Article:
Today is Richard Wagner’s 200th birthday. He changed the world of music and he changed how we listen, and for how long!
The Franklin Park Conservatory Gets Grinched
Every year around the holidays, the Franklin Park Conservatory is decked out from head to toe in lights, with poinsettias in every available spot, and a holiday train to delight the young and the old. This year, there’s something extra special on display and its been a holiday classic on American television sets since 1966.
From the Grinch himself to Cindy Lou Who, the conservatory is proudly displaying the largest exhibition of original artwork of Chuck Jones straight from “Dr. Seuss’s How the Grinch Stole Christmas”. Legendary animator and director Chuck Jones had over 250 films under his belt and a nearly 70 year career. More famous than his name are the everlasting characters he brought to life such as Bugs Bunny, the Roadrunner, Elmer Fudd, and the list goes on.
Bonnie Roche, Curatorial Assistant at the Franklin Park Conservatory, tells the story of how the film came into existence. “Chuck Jones originally met Dr. Seuss [Ted Geisel] in World War II when they were in the animation department and they did a cartoon called “Private Snafu”. “Dr. Seuss’s How the Grinch Stole Christmas” came years after that and [at the time] Dr. Seuss didn’t want to make any more movies because he was done with Hollywood.” If not for Chuck Jones’s convincing, the enduring holiday classic we have come to love might not have existed.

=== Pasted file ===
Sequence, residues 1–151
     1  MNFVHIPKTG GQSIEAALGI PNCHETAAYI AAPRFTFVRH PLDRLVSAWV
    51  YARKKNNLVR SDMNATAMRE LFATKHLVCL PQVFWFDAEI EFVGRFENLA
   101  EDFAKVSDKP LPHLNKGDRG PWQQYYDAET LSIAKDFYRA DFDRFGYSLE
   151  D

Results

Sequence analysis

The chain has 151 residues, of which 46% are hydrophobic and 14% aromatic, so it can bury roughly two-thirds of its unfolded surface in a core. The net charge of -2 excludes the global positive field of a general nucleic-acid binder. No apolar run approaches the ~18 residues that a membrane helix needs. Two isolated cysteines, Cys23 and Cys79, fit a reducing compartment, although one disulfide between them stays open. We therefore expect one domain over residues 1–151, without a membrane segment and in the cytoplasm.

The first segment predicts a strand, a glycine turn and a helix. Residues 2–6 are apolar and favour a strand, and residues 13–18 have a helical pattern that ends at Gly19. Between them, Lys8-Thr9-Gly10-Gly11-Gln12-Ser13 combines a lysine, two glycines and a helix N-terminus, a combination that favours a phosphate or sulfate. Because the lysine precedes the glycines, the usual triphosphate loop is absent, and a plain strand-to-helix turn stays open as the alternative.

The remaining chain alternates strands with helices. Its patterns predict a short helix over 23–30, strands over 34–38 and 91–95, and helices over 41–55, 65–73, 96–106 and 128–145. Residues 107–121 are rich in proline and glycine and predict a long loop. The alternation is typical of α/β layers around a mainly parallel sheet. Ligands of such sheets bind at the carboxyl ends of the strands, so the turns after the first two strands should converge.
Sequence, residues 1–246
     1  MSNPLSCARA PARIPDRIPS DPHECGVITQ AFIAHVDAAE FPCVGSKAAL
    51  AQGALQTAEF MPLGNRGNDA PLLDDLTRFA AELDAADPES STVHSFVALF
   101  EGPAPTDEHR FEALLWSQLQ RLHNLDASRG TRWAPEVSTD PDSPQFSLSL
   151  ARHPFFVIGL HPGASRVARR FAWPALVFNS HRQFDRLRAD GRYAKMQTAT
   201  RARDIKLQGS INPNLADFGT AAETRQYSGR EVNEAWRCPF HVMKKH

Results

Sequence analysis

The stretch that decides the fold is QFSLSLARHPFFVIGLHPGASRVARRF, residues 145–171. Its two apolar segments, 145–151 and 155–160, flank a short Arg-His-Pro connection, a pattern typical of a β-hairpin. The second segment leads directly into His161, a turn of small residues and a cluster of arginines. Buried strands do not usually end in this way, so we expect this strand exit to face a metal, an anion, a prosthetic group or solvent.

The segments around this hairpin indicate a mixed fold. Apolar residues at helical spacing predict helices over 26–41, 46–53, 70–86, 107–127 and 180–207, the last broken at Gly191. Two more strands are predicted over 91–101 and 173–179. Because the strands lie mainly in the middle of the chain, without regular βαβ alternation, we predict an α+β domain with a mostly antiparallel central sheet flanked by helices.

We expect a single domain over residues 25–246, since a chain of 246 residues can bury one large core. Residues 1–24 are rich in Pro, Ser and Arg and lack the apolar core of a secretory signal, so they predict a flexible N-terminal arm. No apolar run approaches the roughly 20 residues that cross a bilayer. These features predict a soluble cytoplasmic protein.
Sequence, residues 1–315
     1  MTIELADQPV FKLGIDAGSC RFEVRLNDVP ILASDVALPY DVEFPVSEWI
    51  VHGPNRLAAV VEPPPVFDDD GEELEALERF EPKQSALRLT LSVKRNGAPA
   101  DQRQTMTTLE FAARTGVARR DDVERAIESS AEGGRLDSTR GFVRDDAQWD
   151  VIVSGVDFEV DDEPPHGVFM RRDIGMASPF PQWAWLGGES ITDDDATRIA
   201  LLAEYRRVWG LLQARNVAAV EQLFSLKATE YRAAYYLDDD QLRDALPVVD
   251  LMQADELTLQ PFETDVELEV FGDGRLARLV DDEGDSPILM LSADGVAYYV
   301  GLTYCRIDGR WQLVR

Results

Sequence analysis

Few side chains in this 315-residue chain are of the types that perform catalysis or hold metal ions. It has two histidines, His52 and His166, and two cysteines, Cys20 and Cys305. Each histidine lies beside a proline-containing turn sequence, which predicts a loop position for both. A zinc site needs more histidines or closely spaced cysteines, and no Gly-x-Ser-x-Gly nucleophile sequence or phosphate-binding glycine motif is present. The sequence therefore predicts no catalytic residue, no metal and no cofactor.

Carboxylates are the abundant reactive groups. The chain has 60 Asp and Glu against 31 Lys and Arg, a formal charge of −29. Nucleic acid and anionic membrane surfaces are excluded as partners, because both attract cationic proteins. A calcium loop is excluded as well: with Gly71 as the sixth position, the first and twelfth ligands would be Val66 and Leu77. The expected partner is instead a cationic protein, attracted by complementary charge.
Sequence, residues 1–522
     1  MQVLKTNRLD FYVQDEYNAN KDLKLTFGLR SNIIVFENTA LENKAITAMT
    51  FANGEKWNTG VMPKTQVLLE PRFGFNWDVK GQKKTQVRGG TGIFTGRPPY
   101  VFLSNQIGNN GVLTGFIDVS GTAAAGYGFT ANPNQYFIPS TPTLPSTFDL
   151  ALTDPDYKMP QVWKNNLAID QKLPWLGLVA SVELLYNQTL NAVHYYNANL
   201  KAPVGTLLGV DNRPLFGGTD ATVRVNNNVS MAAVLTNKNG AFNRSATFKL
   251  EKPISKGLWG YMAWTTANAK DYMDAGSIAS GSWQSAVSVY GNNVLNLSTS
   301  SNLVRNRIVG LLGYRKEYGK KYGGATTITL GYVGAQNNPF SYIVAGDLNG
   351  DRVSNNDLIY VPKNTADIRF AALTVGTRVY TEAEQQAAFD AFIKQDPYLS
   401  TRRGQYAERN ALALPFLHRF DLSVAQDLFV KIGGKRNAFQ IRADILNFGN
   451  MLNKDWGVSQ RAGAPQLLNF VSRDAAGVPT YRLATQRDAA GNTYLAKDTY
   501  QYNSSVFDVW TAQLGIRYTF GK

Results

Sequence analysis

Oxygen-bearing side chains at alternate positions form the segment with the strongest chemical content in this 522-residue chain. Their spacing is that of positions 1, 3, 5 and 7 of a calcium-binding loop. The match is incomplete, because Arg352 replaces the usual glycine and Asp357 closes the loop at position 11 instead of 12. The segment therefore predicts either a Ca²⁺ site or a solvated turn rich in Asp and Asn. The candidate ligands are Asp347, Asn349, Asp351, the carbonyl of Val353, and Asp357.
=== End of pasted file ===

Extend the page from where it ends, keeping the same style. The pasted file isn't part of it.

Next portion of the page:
Roche also discusses the animation process that made “Dr. Seuss’s How the Grinch Stole Christmas” come to life. “Back then there were no digital [movies], they had to draw every single second, every single movement they had to have a drawing for. Understanding that there’s so much more appreciation that goes into the film.”
You can appreciate the process yourself at the Franklin Park Conservatory through January 4th, 2012. Accompanying the original artwork from the Chuck Jones Center for creativity are gingerbread houses inspired by Jones’s legendary characters. Visit http://www.fpconservatory.org/ for hours and more information.